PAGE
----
We can also ask, who mostly moves us? Is it the Holy Spirit, or the spirit of this world? This is a question that everyone, consecrated persons in particular, needs to ask. The Spirit moves us to see God in the littleness and vulnerability of a baby, yet we at times risk seeing our consecration only in terms of results, goals and success: we look for influence, for visibility, for numbers. This is a temptation. The Spirit, on the other hand, asks for none of this. He wants us to cultivate daily fidelity and to be attentive to the little things entrusted to our care. How touching is the fidelity shown by Simeon and Anna! Each day they go to the Temple, each day they keep watch and pray, even though time passes and nothing seems to happen. They live their lives in expectation, without discouragement or complaint, persevering in fidelity and nourishing the flame of hope that the Spirit has kindled in their hearts.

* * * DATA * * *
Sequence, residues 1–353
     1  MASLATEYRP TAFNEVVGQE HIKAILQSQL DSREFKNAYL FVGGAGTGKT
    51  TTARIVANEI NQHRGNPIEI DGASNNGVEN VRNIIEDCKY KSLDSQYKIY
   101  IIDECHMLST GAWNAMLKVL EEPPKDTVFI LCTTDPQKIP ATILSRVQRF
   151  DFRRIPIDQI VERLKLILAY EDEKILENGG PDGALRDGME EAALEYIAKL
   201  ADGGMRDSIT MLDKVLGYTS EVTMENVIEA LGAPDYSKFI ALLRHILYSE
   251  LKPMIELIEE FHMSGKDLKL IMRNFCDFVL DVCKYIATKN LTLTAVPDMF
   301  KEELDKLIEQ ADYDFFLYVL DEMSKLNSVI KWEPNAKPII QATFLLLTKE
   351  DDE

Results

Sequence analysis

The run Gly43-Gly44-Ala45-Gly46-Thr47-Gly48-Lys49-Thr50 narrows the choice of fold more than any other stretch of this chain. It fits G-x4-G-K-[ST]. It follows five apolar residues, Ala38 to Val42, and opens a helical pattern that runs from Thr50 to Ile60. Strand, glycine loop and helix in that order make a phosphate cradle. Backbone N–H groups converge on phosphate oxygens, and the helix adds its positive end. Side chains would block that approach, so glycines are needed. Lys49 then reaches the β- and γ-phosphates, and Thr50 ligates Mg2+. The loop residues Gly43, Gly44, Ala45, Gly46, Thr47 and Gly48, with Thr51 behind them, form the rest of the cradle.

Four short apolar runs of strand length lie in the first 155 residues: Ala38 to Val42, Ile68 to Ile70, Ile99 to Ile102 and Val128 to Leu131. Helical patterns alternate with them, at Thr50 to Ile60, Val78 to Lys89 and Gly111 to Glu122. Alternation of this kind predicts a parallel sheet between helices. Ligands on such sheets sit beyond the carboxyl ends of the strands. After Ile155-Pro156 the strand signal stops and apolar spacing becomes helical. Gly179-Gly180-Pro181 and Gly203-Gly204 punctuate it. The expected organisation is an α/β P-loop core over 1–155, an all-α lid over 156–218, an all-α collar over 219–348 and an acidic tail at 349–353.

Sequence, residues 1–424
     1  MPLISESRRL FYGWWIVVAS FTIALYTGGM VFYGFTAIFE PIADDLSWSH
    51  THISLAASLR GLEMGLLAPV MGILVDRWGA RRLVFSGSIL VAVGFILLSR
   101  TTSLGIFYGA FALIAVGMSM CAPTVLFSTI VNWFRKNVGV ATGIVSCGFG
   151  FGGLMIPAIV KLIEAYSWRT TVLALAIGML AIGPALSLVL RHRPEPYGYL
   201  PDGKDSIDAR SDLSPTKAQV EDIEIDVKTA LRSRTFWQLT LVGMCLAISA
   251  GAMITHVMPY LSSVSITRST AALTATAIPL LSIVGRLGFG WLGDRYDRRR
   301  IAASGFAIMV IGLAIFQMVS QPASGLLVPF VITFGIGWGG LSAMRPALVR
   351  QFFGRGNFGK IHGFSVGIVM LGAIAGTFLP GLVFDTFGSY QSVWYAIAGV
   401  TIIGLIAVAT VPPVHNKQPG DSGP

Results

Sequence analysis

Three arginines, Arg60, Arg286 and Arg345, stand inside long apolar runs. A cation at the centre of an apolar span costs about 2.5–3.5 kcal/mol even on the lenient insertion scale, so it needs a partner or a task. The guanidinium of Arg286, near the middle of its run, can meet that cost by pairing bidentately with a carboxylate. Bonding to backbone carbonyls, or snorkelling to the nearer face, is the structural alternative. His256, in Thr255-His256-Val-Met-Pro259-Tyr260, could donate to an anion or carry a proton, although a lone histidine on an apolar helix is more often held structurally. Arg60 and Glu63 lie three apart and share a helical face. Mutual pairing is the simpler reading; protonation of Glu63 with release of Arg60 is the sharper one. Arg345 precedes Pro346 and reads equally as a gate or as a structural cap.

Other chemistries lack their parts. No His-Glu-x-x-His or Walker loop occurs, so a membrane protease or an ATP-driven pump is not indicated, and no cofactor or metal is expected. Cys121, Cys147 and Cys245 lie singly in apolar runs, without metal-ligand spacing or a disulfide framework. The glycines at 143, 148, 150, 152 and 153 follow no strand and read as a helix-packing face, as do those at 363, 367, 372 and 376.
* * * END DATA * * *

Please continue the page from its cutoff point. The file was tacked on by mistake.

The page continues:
Brothers and sisters, we can ask, what moves our days? What is the love that makes us keep going? Is it the Holy Spirit, or the passion of the moment, or something else? How do we “move” in the Church and in society? Sometimes, even behind the appearance of good works, the canker of narcissism, or the need to stand out, can be concealed. In other cases, even as we go about doing many things, our religious communities can appear moved more by mechanical repetition — acting out of habit, just to keep busy — than by enthusiastic openness to the Holy Spirit. All of us would do well today to examine our interior motivations and discern our spiritual movements, so that the renewal of consecrated life may come about, first and foremost, from there.